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Blood Pressure Monitors – It’s All In the Wrist

Posted by terrepruitt on February 25, 2012

Are wrist blood pressure monitors accurate?  I was wondering because my blood pressure seems low when I use my wrist blood pressure monitor.  I know meditative body mind practices like Nia can help keep blood pressure down, but it seems really low.  The first thing I looked at on the internet made me laugh.  The question was, “How accurate are wrist blood pressure monitors? Mine consistently shows a lower blood pressure reading than that taken by my doctor.” And a portion of the answer said, “blood pressure measurements taken at the wrist are usually higher and less accurate than those taken at your upper arm.” 

I often think that blood pressure taken at the doctor’s office is higher just due to the stress of being at the doctor’s office.  Even if you don’t have what they call “white coat syndrome” sometimes the stress of getting to the doctor’s office (maybe there is traffic, or you have had to interrupt your busy life to take time to go to the doctor), the stress of WHY you are at the doctor’s (most of us don’t go to the doctor when we are healthy and feeling fine, so the fact that we are there could be stressful), or the stress of having to wait (often times we don’t get called in by our appointment time, or we do and we are stuck sitting on the table) can be causes for higher blood pressure readings than normal.  I think that a blood pressure reading at home is more accurate because you are IN your life.  You are IN your normal stresses.  That is why I was wondering about the wrist cuffs because I think the situation (home monitor) is more ideal then doctor office monitoring.  But with mine showing lower than I would expect I was wondering.  It isn’t actually LOW, it is just lower than I expect.  Because what I usually do is think, “Oh, I should check my blood pressure.” as I am downstairs so I run upstairs and try to sit and wait before taking it, but I end up pressing the button and just seems lower than I would guess because I was just moving around.

The American Heart Association states:

Blood Pressure

Systolic mm Hg (upper #)  
  Diastolic mm Hg
(lower #)
Normal     less than 120 


less than 80
Prehypertension      120 – 139


80 – 89
High Blood Pressure 
(Hypertension) Stage 1 
140 – 159


90 – 99
High Blood Pressure
(Hypertension) Stage 2 
160 or higher 


100 or higher

Just like with all information I found conflicting information.  I found information stating that wrist monitors were good and I found information stating they were not accurate.  The main concern regarding accuracy was arm position.  The common statement was that the readings accuracy is affected by the arm position so if the arm was not properly placed the reading could be wrong.  Makes sense, but I was not truly understand why resting one’s left elbow on a table so that the right and monitor were at heart height would be such a challenge to people using a wrist monitor.  I also found information stating that wrist monitors were more expensive than arm cuffs, but then the monitors that I saw being advertised on the internet were less than the cuff ones.  So, again, a lot of conflicting information.  I did see information stating that wrist monitor quality (meaning reading accuracy) had improved a lot  I personally think that cuff blood pressure monitor, the kind where you put your arm in the cuff and secure it around your upper arm, is more accurate.  However, I also believe they are more expensive, so I bought a wrist monitor.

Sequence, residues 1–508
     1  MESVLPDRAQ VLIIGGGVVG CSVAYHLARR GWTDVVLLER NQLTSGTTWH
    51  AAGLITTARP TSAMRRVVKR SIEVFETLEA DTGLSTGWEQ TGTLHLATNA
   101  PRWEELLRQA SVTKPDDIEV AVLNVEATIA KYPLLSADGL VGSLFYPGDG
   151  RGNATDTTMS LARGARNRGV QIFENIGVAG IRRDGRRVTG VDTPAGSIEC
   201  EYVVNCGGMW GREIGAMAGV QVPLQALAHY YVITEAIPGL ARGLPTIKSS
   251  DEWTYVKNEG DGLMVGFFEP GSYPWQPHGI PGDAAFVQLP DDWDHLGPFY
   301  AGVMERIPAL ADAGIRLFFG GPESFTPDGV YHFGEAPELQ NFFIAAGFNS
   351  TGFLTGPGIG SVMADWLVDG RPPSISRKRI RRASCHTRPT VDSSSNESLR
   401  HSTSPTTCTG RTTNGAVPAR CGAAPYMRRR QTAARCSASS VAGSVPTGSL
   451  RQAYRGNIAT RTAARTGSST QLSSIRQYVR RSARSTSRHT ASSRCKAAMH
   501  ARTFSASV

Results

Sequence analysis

If you are interesting in having a blood pressure monitor at home, I suggest you buy one from a place that allows you to return it.  Then when you go to the doctor take your monitor and take your blood pressure with it to compare to the doctor’s blood pressure monitor.  If it is not accurate then you can return it to where you bought it. 

There is a technique for ensure your arm is in the correct position when using a wrist monitor that could be easier than the elbow-table method.  Cross you arm over your heart, as if you are holding your right shoulder in your left hand.  This ensures no movement and that the monitor is above the heart/level with the heart.  Don’t hold your shoulder just let your fingers rest on the front of your shoulder.  I thought this was an excellent method.

Are you thinking about owning a blood pressure monitor?  Wrist or arm cuff?  Do you already have a blood pressure monitor at home? Wrist or arm cuff?  Do you get a little “white coat syndrome” at the doctor’s office?

21 Responses to “Blood Pressure Monitors – It’s All In the Wrist”

  1. Mike said

    I only get white coat syndrome if I have to WAIT too long. I think regardless of the type of b.p. monitor one uses it’s best to average it out over several days. My b.p. I’m sure is much higher when I am at work than it is as I write this; lower still when I ride my motorcycle etc…


    • Yes, I think when one is instructed to monitor blood pressure it is over a period of time and a few different readings. I think it is expected for it to fluctuate. It is when the reading consitently high that there is a concern.

      But still if the monitor being used is not accuate then it will just be giving inaccurate readings over time. So it is nice to have an idea that the monitor is accurate.


      • Greg B said

        What if you are consistently having your BP taken during stressful moments? i.e., sitting in a dentist chair, in the doctor’s office worrying about your health, or when there is high stress at work and you take your lunch break to get checked etc.). Is that an acceptable baseline for your BP?